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Sarah, the river sprite.

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Pondering the path of least resistance.

We clambered over some rocks to sit next to a stream in the wintry sun. With some exciting new things happening for Pomegranite very soon, we had the chance to talk about how we wanted our business to work and how we would work together. A guy ran past with a dog trotting behind, obscured but the long grass. Our conversation stopped abruptly when we witnessed a stocky bulldog flying through the air in mid bomb-drop. She landed in the little dam with a glorious splash and I’m pretty sure her flapping cheeks were curled upwards at the edges. Soon enough, she bobbed to the surface, under-bite first and paddled back to her human for more, curly piggy tail wiggling.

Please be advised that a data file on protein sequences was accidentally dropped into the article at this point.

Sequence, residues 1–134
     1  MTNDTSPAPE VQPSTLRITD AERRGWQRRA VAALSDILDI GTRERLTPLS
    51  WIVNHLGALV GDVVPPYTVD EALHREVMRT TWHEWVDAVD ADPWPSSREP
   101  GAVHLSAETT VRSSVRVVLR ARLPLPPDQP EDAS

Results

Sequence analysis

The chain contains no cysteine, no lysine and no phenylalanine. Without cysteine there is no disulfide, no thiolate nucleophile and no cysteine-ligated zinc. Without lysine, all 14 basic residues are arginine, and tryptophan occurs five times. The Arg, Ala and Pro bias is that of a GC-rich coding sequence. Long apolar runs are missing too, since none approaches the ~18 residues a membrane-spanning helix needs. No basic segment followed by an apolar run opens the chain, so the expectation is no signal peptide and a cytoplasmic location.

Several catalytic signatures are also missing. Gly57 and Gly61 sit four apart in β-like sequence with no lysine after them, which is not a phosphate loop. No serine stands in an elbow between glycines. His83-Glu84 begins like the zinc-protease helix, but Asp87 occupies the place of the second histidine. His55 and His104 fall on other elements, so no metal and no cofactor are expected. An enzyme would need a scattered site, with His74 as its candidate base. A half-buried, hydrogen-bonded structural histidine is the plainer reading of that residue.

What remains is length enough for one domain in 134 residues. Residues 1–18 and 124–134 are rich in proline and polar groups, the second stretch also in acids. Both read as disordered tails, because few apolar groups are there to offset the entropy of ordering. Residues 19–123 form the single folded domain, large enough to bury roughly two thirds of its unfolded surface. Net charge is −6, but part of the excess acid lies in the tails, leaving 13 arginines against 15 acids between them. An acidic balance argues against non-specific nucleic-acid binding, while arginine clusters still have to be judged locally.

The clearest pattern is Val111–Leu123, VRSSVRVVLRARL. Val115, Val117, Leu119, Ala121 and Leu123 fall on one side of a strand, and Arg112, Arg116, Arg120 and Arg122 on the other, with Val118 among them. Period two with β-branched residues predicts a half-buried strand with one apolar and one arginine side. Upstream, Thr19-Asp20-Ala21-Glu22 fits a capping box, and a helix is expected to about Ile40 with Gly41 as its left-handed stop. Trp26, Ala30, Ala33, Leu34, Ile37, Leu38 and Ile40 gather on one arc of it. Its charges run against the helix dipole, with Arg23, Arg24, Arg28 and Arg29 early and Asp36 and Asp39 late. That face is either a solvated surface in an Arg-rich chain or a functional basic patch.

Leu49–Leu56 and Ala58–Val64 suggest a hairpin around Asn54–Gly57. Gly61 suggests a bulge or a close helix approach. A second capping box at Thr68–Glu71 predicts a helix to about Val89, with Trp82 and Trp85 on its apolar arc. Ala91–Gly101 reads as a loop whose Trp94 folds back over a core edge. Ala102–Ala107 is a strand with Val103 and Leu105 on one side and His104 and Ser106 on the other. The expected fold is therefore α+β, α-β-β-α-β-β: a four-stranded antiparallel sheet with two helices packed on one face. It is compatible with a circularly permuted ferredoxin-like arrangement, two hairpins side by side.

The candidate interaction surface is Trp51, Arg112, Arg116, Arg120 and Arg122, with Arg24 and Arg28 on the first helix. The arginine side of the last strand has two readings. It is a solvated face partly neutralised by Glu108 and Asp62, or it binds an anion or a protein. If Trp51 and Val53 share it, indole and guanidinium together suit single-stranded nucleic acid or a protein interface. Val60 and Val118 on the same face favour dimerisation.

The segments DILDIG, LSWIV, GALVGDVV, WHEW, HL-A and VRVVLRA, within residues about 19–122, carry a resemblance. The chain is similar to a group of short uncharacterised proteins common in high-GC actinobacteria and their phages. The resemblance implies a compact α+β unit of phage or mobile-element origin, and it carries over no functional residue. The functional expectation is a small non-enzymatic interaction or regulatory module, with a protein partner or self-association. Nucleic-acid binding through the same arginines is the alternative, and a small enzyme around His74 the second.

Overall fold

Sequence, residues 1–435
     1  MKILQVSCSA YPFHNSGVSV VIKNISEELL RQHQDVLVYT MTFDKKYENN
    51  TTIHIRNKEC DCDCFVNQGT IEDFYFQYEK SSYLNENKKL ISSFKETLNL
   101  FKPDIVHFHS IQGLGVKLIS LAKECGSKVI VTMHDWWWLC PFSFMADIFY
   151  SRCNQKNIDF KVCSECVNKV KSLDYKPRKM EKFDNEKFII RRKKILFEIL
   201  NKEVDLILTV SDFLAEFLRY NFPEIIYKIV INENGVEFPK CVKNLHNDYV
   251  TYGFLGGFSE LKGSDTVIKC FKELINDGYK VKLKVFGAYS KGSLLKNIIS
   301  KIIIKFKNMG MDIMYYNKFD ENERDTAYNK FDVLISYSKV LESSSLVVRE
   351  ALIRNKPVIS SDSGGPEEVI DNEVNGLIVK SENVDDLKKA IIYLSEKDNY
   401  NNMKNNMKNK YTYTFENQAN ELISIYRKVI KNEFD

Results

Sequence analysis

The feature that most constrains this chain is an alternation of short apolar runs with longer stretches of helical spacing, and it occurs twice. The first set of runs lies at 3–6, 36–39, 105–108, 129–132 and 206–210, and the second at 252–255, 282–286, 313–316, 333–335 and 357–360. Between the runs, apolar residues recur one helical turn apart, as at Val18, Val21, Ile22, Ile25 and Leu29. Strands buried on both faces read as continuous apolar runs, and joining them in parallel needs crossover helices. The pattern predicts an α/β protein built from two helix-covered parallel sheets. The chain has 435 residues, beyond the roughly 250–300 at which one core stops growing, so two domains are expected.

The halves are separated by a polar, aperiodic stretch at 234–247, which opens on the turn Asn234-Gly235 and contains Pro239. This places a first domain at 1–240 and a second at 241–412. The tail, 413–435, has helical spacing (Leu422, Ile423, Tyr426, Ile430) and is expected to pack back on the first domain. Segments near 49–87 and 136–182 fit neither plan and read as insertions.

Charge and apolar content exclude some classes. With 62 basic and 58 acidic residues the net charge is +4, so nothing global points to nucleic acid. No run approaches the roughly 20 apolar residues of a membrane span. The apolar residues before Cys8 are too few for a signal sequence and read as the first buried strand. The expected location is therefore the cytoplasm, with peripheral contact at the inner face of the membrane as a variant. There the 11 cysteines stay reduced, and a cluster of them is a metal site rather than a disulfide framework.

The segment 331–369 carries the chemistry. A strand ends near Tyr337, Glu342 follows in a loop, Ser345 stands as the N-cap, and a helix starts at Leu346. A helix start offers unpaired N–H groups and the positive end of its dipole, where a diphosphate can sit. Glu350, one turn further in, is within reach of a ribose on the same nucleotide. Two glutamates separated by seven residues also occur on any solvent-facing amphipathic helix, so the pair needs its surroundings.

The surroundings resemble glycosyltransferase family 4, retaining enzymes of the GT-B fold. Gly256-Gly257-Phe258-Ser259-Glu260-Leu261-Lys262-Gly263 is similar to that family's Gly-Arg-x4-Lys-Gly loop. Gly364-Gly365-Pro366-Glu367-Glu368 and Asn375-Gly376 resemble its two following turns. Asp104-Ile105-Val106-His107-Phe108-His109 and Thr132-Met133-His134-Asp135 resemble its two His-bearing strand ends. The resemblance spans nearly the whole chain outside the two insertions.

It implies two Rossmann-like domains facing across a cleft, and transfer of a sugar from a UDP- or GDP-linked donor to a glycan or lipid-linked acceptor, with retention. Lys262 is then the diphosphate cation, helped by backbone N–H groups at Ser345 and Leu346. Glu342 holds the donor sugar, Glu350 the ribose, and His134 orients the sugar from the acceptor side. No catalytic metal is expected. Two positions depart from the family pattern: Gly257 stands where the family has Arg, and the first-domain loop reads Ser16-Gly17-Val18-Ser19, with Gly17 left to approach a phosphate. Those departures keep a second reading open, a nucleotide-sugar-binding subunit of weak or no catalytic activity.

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The site of the flying bulldog

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We saw a path striking out from the clearing around the waterway and decided to see where it would go. Once I had got us properly lost and we were wandering around just trying to find our way back to the car park (all romance of the adventure long gone), it struck me how similar getting lost together is to running a business. Both can be tiring and uncomfortable situations where you have to negotiate choices and make decisions. You have to rely on your partner’s skills and trust them. There’s no one else but you and your partner to get through challenges and so you have to stand by him or her and figure it out. Most importantly, you don’t split up. Ever. Because that’s a classic start to a horror movie.

Five things I love about doing work that’s worthwhile